See, as standard, the Tiguan offers front assist with city emergency braking, active bonnet and lane assist, as well as reversing camera, seven airbags and a multi-collision system as well as driver fatigue measurement. Pedestrian protection is a feature that more and more cars will focus on going forward, and the active bonnet on the Tiguan is a good idea (especially as people spend more time looking at their phone while crossing the road and less at what might potentially collide with them… obviously, I didn’t try it out. When contact is made with the bonnet (there’s no speed mentioned, but you can assume it would have to be more than 10km/h, otherwise bumping the front bumper could set the thing off) the rear edge of the bonnet, at the base of the windscreen, will rise by 50mm to cushion a pedestrian’s impact.
Other safety elements, at least as far as I’m concerned, include, rain-sensing wipers, roll-back function on the one-touch up and down windows for the front and the back (not something all cars get, but should), a reversing camera that offers multi-angle views and dynamic guidelines, as well as all-wheel drive with 4Motion Active Control functionality.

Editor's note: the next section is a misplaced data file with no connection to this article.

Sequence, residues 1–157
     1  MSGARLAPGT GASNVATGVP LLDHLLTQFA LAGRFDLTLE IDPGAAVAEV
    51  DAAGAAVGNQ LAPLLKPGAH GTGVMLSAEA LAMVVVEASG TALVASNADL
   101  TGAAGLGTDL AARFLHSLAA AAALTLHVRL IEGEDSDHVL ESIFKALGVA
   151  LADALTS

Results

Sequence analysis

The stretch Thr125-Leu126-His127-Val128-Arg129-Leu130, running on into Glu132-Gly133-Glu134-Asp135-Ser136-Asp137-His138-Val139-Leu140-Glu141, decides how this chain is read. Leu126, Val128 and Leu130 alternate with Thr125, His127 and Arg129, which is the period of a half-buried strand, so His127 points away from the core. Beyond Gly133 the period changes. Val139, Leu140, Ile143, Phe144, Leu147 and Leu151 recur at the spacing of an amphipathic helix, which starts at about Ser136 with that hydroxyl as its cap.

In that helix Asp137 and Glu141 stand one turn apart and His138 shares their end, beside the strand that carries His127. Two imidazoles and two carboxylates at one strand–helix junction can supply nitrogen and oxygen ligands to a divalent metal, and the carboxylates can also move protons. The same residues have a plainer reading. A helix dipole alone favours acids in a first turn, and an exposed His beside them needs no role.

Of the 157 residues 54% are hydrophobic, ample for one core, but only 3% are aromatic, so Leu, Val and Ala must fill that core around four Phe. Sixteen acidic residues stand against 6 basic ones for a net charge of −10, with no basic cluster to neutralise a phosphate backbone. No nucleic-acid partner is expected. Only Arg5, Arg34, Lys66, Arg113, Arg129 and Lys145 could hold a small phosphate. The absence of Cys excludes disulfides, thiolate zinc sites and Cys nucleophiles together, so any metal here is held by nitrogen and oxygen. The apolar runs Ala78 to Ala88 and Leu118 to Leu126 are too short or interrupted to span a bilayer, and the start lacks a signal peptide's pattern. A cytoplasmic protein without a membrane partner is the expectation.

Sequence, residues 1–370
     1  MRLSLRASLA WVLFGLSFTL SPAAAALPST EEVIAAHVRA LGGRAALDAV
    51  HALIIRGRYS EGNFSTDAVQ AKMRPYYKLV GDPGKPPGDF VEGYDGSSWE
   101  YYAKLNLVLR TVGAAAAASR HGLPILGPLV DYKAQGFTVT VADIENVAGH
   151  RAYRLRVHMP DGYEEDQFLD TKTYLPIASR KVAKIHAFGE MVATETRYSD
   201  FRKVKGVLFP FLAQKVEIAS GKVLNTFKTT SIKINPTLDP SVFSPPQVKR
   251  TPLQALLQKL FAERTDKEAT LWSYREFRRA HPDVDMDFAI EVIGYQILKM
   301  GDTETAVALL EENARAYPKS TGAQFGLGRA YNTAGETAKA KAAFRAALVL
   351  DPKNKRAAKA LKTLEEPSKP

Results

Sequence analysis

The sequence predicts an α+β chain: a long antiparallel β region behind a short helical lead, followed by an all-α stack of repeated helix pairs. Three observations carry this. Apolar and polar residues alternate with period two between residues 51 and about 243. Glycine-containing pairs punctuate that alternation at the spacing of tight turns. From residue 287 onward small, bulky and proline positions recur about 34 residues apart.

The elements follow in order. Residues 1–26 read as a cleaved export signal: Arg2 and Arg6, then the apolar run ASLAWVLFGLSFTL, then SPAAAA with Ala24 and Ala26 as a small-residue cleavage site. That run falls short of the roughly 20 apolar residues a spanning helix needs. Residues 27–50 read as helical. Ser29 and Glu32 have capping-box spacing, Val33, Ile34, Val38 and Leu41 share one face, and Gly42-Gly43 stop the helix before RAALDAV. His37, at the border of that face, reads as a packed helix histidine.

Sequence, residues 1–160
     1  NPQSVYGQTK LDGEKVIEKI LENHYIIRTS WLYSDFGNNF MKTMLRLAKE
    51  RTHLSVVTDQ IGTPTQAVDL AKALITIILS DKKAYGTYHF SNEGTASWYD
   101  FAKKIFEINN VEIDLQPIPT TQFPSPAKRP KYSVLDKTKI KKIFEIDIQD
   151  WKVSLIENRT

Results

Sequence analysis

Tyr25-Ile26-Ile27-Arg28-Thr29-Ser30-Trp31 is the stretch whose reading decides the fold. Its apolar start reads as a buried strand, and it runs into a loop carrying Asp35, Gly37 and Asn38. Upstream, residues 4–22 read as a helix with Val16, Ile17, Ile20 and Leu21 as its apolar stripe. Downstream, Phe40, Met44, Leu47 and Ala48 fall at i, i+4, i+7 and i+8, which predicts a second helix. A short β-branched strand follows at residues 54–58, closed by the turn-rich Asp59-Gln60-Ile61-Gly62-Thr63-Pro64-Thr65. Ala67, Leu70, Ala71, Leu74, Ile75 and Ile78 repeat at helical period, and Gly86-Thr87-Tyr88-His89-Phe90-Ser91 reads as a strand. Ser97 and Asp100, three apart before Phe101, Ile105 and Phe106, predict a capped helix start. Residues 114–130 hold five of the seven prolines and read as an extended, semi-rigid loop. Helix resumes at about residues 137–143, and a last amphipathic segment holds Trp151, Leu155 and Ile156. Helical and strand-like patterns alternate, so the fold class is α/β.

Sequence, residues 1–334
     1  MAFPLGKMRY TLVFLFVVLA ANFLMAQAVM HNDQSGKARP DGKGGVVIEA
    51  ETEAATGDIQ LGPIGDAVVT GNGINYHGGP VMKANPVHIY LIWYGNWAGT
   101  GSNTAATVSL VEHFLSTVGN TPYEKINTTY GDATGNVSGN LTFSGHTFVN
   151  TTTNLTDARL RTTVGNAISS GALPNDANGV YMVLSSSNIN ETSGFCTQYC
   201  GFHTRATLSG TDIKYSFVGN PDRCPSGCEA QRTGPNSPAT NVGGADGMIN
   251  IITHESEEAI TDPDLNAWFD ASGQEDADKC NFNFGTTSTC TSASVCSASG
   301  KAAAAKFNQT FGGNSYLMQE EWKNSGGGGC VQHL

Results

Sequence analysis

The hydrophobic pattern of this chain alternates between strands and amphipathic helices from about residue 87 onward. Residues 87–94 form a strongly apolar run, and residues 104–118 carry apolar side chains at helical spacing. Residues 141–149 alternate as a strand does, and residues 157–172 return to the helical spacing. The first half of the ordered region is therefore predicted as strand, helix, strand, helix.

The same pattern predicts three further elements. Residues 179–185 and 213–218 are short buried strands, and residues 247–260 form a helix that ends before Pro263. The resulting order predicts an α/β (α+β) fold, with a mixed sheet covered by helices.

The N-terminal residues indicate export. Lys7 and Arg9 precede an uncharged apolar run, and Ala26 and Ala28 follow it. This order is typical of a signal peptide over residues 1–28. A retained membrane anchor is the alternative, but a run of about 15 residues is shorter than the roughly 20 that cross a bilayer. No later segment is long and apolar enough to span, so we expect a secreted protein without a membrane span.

So, which one wins?
In the end, it’s the new Volkswagen Tiguan 162 TSI Highline that takes the win here and that’s as much for the fact it’s a brand-new vehicle as it is because it gets so much extra kit than the aging Forester XT. The Forester is still a favourite out in the countryside because of its permanent all-wheel drive and reliability, but the Tiguan 162 TSI Highline offers more interior space, a bigger boot, a much better infotainment system and the list price is only a few hundred dollars more. It really is hard to go past.